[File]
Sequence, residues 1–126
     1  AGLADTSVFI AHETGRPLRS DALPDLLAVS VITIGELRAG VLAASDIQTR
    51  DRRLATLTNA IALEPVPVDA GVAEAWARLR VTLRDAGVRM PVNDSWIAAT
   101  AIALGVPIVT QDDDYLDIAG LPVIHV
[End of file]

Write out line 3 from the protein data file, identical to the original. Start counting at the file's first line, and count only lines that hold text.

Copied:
    51  DRRLATLTNA IALEPVPVDA GVAEAWARLR VTLRDAGVRM PVNDSWIAAT